Donald P. Davies
Donald P. Davies
Written by daughter Amy Davies-Vigil
How can I possibly sum up in just a few words what Don Davies means to me? I feel like some famous member of the “Rat Pack” has passed away…a legend, bigger than life.
Dad was not just a great friend to you but a friend to everyone he met.
A great husband, dad, granddad, uncle and friend. Gifted in intelligence, compassion, love and encouragement.
He not only loved my mother, but was in love with her, he adored her, and respected her, a true example for all marriages.
I loved growing up in our house with my parents…they both made everything seem like a special event …my brother David and I have been truly blessed.
An only child growing up in Chicago, he told us his claim to fame was attending Oak Park High School with Betty White. Dad was a prodigy in many areas of his life, he played the piano by ear since he was four years old. He attended Missouri Valley College in Marshall, Missouri, a member of Sigma Nu Fraternity and earned four majors in only four years. Dad served our country in the Navy and Marine Corps during the Korean War, but was not deported because he held the Marine Corps record for typing 210 words/minute. Dad was also the first non-family member employed by Russell Stover for a management position in his candy company. Then Dad went on to work for Riker Laboratory, owned by the 3-M company, in pharmaceutical sales for 33 years.
Dad never complained about anyone, except an occasional democrat.
For years Dad and I had a special time together. Every evening I would start to fix dinner at home and call him for our daily visit. Sometimes he would be out to dinner with someone else and he would make me guess where he was and who he was with. I would then hear voices in the background saying, “Hi Amy in Colorado!” I’m not sure what year this began but with great excitement and enthusiasm I couldn’t wait for our daily call. We would talk about the events of our day, solve the world’s problems, talk about how blessed we were and what Jesus had taught us or spoken to us that day. Dad would always end our conversations with “I could be wrong, but I think you’re wonderful” or “You know, you have just earned your place back in the will” or “It’s really too bad that people can’t be as great as we” or, for all the women in our family he would ask, “Do you know why you are so good-looking… and then we would have to answer with, “Because I take after you.”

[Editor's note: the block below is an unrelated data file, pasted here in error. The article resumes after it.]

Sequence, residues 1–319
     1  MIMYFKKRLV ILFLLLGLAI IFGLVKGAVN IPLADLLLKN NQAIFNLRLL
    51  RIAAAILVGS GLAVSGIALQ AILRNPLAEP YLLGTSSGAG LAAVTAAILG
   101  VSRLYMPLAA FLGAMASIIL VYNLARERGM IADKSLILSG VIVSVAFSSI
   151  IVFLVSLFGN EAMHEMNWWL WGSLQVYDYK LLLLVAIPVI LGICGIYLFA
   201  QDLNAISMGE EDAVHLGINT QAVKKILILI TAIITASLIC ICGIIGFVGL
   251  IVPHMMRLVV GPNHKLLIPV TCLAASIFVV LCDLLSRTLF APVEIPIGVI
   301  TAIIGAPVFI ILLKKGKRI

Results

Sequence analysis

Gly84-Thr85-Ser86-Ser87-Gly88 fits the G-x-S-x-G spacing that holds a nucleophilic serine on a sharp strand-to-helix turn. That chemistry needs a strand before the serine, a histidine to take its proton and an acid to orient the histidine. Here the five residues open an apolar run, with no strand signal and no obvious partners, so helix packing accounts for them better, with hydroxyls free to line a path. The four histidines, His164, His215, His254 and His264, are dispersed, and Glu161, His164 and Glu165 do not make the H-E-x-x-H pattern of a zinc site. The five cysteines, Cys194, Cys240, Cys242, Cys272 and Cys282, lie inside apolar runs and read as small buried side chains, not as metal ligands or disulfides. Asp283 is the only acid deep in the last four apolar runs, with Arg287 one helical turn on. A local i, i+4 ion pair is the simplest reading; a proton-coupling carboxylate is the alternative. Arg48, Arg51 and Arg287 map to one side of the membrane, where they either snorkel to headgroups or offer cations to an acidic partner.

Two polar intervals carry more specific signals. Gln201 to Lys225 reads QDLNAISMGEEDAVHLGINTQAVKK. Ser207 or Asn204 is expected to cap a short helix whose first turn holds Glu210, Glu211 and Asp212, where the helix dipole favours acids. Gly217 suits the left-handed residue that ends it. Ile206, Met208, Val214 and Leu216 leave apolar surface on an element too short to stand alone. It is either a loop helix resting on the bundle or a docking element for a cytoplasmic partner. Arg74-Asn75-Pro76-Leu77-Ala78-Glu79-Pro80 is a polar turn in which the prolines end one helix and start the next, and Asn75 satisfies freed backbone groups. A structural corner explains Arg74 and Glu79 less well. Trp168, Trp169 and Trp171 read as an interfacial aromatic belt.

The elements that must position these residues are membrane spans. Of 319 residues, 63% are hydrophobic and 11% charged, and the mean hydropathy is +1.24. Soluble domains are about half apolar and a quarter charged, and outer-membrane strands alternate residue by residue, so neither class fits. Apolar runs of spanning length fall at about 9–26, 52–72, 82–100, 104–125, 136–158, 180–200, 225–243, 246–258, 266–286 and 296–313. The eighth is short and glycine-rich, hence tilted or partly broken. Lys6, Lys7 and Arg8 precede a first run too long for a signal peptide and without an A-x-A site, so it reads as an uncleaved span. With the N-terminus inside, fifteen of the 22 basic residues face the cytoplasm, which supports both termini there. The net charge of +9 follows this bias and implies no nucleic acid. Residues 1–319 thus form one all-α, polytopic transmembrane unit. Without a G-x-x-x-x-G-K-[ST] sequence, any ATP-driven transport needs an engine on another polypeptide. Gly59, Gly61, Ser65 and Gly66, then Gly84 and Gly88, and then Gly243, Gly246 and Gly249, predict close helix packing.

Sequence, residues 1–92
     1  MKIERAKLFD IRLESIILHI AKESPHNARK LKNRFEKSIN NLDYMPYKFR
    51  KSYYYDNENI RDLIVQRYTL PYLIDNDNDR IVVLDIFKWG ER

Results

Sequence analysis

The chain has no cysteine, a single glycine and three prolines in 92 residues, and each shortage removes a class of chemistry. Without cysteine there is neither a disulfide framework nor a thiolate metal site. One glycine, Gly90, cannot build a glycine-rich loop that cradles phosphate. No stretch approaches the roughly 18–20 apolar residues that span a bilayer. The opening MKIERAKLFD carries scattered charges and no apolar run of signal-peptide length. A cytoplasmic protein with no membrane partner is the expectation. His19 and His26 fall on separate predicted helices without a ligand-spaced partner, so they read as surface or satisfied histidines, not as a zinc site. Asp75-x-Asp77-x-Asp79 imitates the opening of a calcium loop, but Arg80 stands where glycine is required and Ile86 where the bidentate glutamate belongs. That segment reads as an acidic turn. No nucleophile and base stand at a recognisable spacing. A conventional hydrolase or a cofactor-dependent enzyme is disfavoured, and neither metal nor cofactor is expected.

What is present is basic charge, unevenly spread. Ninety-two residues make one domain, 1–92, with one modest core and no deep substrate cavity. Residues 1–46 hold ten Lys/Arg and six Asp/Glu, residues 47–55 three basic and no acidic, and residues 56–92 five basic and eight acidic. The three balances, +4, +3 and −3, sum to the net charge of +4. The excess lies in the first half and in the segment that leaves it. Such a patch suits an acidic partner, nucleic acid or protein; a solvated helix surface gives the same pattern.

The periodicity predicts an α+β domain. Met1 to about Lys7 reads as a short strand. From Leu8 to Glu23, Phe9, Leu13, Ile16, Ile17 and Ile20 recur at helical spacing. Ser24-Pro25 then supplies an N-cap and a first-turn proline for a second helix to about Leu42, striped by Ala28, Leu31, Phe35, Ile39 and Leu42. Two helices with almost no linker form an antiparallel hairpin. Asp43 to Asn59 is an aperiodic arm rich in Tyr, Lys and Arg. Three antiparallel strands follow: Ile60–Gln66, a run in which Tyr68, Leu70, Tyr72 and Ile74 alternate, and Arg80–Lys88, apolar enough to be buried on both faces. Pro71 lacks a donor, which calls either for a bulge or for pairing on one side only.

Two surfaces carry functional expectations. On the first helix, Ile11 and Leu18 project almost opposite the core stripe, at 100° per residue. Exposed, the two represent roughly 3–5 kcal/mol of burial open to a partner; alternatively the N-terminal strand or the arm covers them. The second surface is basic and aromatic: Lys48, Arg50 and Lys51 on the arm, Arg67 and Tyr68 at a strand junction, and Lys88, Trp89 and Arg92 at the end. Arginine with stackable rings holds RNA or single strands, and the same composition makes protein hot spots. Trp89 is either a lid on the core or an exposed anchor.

The day Dad passed on, he was still joking with his Pastor, Jim West about being a counter for Colonial Presbyterian Church for 23 years and that he couldn’t figure out why the other seven counters were driving new cars and not him!
Dad was the funniest person I have ever known! Dad was the most positive person I have ever met. His cancer had totally taken him over physically, but not intellectually or spiritually. Not once did he ever complain of any pain. In fact, he only took half the dosage of the pain medicine that Dr. Mai prescribed. Dad said that he didn’t want to get addicted. I had the privilege of honoring my Mother and Dad by being his care-giver.
Thank you to all of our family, friends, neighbors, the Hospice staff, Dad’s doctors, Colonial Presbyterian Church, along with those who traveled to be there, for walking with us, supporting us and loving us through Dad’s journey to his beginning, beginning his life in Heaven.
A legend, a hero, and bigger than life to me… I will always be my Daddy’s Little Girl. I love you Dad and I will miss you …tell Mom “Hi!”
He was proceeded in death by his loving wife and my Mom, Patricia E. Davies, his parents, Ethel M. Davies & Sem P. Davies, many cousins and aunts & uncles. Leaving daughter Amy Davies-Vigil (Ben Vigil) of Estes Park, granddaughter Maggie Mudge of Greeley, son David Davies (Sharla) and grandchildren Emily, Ian, Leah Davies of Lee’s Summit, MO., step-granddaughters Angel & Jennie Vigil and step-great-grandchildren Naomi, Arlo & Zoe of Longmont, CO.